Council and housing associations are evicting far too many social tenants and making them homeless and this is THE main issue not tenants who are evicted by private landlords!
That opening statement that goes against all current and past thinking yet the facts bear it out; facts that social landlords and the housing commentariat refuse to even recognise despite the facts staring them in the face. Take the following two facts:
• UK has 53% private properties and 47% socially rented ones.
• UK evictions show 54% private to 46% social housing evictions.
These are not contentious facts and official figures and they reveal eviction rates of tenants correspond to the type of landlord and this is deeply concerning. In context and for any semblance of a like-for-like comparison you almost need a special dispensation from the Pope to evict the social tenant while the private landlord can evict without any reason whatsoever.
Social (sic) landlord evictions are thus staggeringly and disproportionately high in any like-for-like comparison with the private rented sector.
Why? – Why are evictions of social tenants so illogically high? Why? – Why has there been no recognition of the fact that social tenant evictions are so unreasonably and disproportionately high? How the hell has this been missed?
I suspect it is because we don’t want to recognise this fact in the first place let alone address the problems it creates in homelessness. Just to recognise and accept it – and the fact cannot be denied – means that attention is drawn away from the ease of evicting the private tenant with its legal framework of no-fault evictions and thus insecure tenure private tenants have.
We can and should still state that no-fault evictions are anathema and campaign for better protection and rights for private tenants and there is increasing evidence that all political parties are more inclined to act in this area, even the Conservative Party are more inclined to regulate the private rental market and this was also apparent before the last election and not just a convenient position taken now they have little authority as government.
YET given that social landlord evictions are so high despite the legal constraints and difficulties social landlords face in evicting the social tenant and despite much tighter regulation of the social housing sector than the private landlord sector we find that in any like-for-like comparison that social tenant evictions are a greater number and a greater problem.
That paragraph above is one I thought I would never write. It reads like a political theoretical tract from an uber right-wing polemic from a free marketeer chinless policy wonk; and also reads like an apologia for the private landlord to remain unshackled and to deny the need for any form of regulation or scrutiny of the free market private landlord. Both of these positions are anathema yet the excessively high social landlord eviction rate in comparison to the private landlord eviction rate gives grounds (no pun intended) for those arguments to be given oxygen.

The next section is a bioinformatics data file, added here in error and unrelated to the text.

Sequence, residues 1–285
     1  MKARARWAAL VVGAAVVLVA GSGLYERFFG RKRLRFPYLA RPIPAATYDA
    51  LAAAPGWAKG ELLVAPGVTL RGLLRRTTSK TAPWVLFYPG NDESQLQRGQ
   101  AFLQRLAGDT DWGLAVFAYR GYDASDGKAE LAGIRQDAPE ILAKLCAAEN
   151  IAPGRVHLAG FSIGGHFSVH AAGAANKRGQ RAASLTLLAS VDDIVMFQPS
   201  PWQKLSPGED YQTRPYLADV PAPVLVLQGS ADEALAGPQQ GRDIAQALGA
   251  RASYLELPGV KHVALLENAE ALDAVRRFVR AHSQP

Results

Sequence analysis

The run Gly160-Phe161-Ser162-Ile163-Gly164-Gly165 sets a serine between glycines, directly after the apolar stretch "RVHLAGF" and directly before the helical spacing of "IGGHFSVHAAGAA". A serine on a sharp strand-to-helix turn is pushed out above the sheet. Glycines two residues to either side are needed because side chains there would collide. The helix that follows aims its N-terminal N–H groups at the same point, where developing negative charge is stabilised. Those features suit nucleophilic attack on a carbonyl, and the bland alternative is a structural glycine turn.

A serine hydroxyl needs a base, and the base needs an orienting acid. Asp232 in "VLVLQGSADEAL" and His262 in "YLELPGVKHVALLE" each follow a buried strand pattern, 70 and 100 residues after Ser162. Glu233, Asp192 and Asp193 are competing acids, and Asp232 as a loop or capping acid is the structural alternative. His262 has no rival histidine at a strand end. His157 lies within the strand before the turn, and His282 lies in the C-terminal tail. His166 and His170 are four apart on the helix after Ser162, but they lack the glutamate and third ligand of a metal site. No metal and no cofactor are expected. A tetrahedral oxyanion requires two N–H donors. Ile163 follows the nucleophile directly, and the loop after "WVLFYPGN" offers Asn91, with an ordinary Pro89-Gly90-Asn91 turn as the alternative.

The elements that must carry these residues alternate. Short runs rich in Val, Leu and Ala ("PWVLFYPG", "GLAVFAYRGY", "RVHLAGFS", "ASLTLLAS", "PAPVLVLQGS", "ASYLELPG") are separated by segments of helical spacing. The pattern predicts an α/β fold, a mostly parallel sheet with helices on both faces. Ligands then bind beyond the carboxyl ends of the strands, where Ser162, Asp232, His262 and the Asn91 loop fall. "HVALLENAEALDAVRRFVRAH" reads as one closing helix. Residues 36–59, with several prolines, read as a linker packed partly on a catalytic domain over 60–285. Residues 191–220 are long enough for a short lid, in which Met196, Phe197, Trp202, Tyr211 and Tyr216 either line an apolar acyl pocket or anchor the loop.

This is why I suspect awareness of the unreasonably and illogically high social (sic) landlord eviction rate is kept quiet and not reported as doing so would let the ‘nasty’ private landlord off the hook – yet in taking that position it lets the nasty social landlord off the hook!
The hypocrisy of the social landlord good private landlord bad strategy that the (claimed) social housing sector has propagated and repeated as a mantra to any criticism of social landlords for decades unravels starkly here and as a result the social tenant gets shafted and the dire problem of social landlord evictions is not addressed. Is that a consequence of two-thirds of social tenants having a private registered provider – the correct name for housing associations – as landlord and who have no legal duties to house or rehouse anyone unlike councils who do because they are public authorities?
I suspect so as a tenant evicted by a housing association becomes the problem of and cost to a council and no longer a problem for the housing association. The evicted and former HA social tenant is a victim of social dumping.
We need to urgently address the major problem of the eviction of social tenants and its unacceptably and illogically high number. It could be the increasing use of the same no-fault eviction tenure (AST) by soicial landlords that private landlords operate in starter and introductory tenants that is reason for this high rate. It could be the increasing use of the only mandatory eviction reason and thus one step removed no-fault eviction in Ground 8 used by housing associations and which councils cannot use. It could be the increasing private rental arms of both housing associations and councils using AST to give them this no-fault eviction option too.
It is likely to be a combination of these issues yet whatever is causing the excessive, unacceptable and excessively high social (sic) landlord eviction numbers it has to be recognised, scrutinized and addressed.
The numbers of evictions by tenure and the detail of those numbers is contained here which also asks why the hell the usual suspects of JRF, Guardian, Shelter and the rest of the great and good of the housing commentariat failed to even spot the very high social tenant eviction rate.
Since I published that post I note that the usual politicians in the Labour Party and the Green Party have welcome and promoted the JRF report in the same sycophantic way and backed its calls for greater regulation of the private rented sector while saying absolutely bugger all about the high rate and number of social tenant evictions. For once it would be positive if they could recognise fact and not predetermined assumption!
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